1. Sequence question

I am studying for my final in undergrad analysis, and have a question concerning sequences. Here it is. Let $\{s_n\}$ be a sequence $\backepsilon \{s_n\}>0 \; \forall \; n \in \mathbb{N}.$ Suppose $\lim_{n \to \infty}s_n=s.$ Show that $s \ge 0.$

2. Pf: Assume $s_n > 0 \forall n \in \mathbb{N}$ and $\displaystyle\lim_{n\to\infty} s_n = s$ Now assume $s < 0$ So, By def $\forall \epsilon > 0 \exists N \in \mathbb{N} | \forall n \geq N \: |s_n - s|<\epsilon$ By the triangle ineq $\forall \epsilon > 0 \: |s_n| - |s| < \epsilon$ which means $|s_n| \rightarrow |s| as n \rightarrow \infty$ since $s_n > 0 \forall n$ we have $s_n \rightarrow |s| as n \rightarrow \infty$ since $|s|>0$ this is a contradiction.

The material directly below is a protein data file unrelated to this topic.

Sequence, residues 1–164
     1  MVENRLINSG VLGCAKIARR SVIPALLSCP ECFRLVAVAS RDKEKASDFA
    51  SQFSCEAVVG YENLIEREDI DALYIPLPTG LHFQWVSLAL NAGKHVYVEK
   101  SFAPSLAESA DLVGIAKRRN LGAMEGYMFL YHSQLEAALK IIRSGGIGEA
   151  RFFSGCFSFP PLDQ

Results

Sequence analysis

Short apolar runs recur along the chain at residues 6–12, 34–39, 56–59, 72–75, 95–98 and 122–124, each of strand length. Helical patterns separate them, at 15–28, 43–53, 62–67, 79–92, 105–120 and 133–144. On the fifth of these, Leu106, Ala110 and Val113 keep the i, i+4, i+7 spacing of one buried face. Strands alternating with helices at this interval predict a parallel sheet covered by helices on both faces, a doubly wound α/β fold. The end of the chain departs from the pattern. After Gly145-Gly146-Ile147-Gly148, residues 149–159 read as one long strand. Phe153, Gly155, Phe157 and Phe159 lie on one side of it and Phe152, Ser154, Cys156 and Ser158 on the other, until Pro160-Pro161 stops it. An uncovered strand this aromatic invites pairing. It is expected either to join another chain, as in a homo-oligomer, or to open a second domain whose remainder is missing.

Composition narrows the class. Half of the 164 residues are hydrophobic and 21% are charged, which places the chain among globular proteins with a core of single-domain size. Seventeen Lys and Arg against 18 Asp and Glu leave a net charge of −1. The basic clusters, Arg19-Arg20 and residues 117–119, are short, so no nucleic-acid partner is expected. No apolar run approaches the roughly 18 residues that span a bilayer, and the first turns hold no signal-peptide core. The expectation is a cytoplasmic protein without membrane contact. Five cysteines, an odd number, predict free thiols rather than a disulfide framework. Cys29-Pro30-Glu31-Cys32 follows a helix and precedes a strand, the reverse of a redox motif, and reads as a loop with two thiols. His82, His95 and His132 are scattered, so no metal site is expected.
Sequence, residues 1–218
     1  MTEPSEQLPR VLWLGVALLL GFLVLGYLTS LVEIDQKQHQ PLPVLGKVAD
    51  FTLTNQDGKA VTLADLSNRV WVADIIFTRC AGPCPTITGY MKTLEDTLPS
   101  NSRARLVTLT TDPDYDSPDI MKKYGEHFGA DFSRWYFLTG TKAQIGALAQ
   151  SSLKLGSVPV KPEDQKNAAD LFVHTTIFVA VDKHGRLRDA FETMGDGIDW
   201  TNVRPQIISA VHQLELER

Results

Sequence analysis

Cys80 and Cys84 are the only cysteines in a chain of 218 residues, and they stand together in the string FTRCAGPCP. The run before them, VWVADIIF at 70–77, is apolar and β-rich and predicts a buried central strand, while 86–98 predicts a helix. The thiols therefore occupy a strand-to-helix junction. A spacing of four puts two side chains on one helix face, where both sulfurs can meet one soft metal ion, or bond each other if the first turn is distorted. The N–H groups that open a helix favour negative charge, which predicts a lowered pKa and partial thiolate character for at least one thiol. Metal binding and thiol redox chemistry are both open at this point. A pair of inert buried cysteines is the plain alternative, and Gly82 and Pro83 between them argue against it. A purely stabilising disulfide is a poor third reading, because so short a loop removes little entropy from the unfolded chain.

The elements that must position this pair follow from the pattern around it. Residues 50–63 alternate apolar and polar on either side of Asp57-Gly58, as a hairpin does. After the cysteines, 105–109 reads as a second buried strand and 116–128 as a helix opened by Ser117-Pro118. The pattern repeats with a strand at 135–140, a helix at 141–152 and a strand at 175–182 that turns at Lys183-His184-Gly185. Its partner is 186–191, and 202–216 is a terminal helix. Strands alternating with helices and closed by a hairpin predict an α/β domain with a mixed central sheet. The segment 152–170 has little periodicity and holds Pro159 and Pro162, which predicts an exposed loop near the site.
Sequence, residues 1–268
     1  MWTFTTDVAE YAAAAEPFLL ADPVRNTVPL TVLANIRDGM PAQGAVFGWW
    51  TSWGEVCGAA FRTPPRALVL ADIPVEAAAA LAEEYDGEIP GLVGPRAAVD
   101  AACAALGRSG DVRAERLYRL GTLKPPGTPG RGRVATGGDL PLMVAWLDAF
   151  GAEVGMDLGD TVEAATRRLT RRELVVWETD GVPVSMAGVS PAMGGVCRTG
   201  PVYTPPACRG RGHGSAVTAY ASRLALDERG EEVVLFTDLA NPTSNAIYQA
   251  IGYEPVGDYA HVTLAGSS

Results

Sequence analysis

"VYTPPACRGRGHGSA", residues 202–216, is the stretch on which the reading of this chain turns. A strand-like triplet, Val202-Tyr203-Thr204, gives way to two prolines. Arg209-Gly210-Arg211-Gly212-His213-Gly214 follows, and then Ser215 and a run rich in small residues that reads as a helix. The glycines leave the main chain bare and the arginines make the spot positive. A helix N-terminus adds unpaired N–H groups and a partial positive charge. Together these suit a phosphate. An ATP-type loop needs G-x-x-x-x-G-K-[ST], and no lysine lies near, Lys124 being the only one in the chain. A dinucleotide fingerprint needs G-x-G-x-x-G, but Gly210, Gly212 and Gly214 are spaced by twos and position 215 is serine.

3. In other words, if s<0, then for a given $\epsilon$ with $s+\epsilon<0$, you should have elements of $s_n$ existing in the $\epsilon$ neighborhood of s (by limit to s). Since $s+\epsilon<0$, then those elements are also negative which gives a contradiction.
4. I think there's a somewhat easier way. Suppose that $s_{n} > 0$ for all $n\in \mathbb{N}$. Suppose $\lim_{n\to \infty} s_{n} = s < 0$. Then we know there exists $N$ such that $n>N$ implies $|s_{n} - s| < -s$. This is true because such an implication must hold for any $\epsilon > 0$ and if $s < 0$ then $-s > 0$, so this is the particular case where $\epsilon = -s$. So this means $s < s_{n} - s < -s$ for $n>N$. Adding $s$ to each part of the equality, we get for $n>N$, $2s < s_{n} < 0$. That means after some point, $s_{n}$ will be negative! And there arises your contradiction.